Short Form Report: Supporting Extra Care Tenants to Reintegrate into their Community Post-Covid: An Exploration of Barriers and Facilitators

Research output: Book/ReportCommissioned report

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Abstract

Project Development: This project is an outcome of the collaborative research partnership established in 2022 between Linc Cymru and the USW Health and Housing Centre of Excellence. The project was funded by Linc Cymru via a Knowledge Exchange Skills Scholarship (KESS) Masters by Research project which was completed by Holly Driscoll and supervised by Dr Phil Tyson, Dr Alexis Jones, Dr Klara Price and Dr Dan Bowers. This report provides a precis of the key findings and recommendations and is submitted alongside the long form thesis which contains a significantly higher level of detail of the project.

Background: Anecdotal evidence from Linc staff had suggested that the Covid 19 pandemic had precipitated a decrease in engagement with social activities amongst tenants in Extra Care settings. Social engagement allied with independent and active living are key tenets of the Extra Care model and these are underpinned by Welsh Government aspirations for independence and autonomy amongst older adults. As such, Linc Cymru were keen to understand the barriers to engagement and the potential facilitators which may subsequently increase engagement.

Aims: The aim of this study therefore was to understand how key aspects of life changed during the pandemic and how this continued post-pandemic within Extra Care settings. Key factors for exploration were behaviours, environment, quality of life and general living experiences within these settings.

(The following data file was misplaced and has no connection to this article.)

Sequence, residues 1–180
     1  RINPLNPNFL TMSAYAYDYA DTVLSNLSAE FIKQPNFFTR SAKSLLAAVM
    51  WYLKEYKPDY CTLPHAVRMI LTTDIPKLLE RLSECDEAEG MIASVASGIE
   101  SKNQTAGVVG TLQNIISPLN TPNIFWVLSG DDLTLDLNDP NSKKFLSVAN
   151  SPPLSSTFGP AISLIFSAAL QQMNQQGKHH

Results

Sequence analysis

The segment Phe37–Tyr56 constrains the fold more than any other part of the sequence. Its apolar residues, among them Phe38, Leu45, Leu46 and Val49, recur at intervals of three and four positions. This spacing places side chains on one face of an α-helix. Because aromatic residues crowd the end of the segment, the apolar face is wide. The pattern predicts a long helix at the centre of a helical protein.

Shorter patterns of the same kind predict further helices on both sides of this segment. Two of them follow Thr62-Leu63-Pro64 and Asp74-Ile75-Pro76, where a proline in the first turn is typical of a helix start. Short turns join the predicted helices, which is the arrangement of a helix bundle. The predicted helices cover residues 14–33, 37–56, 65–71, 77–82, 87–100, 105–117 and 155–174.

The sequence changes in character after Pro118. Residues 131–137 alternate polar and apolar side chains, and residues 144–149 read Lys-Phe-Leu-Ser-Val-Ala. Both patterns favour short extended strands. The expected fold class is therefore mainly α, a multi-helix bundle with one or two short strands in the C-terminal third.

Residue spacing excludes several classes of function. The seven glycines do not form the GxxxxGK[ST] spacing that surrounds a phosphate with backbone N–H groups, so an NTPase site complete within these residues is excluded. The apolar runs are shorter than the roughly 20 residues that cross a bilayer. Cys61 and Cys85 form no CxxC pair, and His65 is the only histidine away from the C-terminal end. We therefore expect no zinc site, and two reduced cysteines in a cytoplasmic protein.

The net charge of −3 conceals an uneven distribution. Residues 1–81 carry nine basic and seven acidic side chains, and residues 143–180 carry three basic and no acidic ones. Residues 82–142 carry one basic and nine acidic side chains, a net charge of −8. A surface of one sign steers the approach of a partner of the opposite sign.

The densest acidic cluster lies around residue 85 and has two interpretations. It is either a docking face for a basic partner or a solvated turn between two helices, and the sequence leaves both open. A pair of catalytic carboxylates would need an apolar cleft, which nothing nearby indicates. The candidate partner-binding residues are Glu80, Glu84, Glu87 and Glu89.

Method: The project employed a qualitative design and engaged a multi stakeholder approach. Interviews were conducted with six staff (scheme managers and the community engagement team) and ten Extra Care tenants. The two groups of stakeholders were recruited from three existing extra care schemes in South Wales. Data was collected from May 2022 to June 2022, which was an ideal time frame for initial post COVID interviews to occur after the year of lockdowns and months of restrictions. Reflexive Thematic Analysis (RTA; Braun & Clarke, 2022) was used to analyse the participant responses.

Results: Results yielded two staff themes and two tenant themes with each providing several sub-themes.

·       Staff themes:

1.       The Right Environment for Engaging: How to Best Support and Provide Engagement

§  Subthemes: (i) Barriers (ii) Knowing your punters; types and levels to engagement

2.       Working in Extra Care through the Pandemic

§  Subthemes: (i) The sick got sicker, (ii) Staff health and wellbeing, Staff shift in responsibilities.

·       Staff themes:

3.       Experiences of Living in Extra Care

§  Subthemes: (i) What makes a house a home? (ii) Living through a pandemic, & (iii) Social Impact

4.       Engagement and Social Activities

§  Subthemes: (i) Facilitators to engagement, (ii) Barriers to engagement.

Conclusions: There are a range of conclusions and recommendations derived from this project (see section below for detail). Overall, the recommendations fell into four key categories, (1) Staffing Considerations, (2) Forward Planning, (3) Activity Types, & (4) Accessibility and Inclusivity

Original languageEnglish
Number of pages7
Publication statusPublished - 5 Mar 2024

Keywords

  • Housing
  • Health
  • Extra Care
  • Assisted Living
  • Health and Housing

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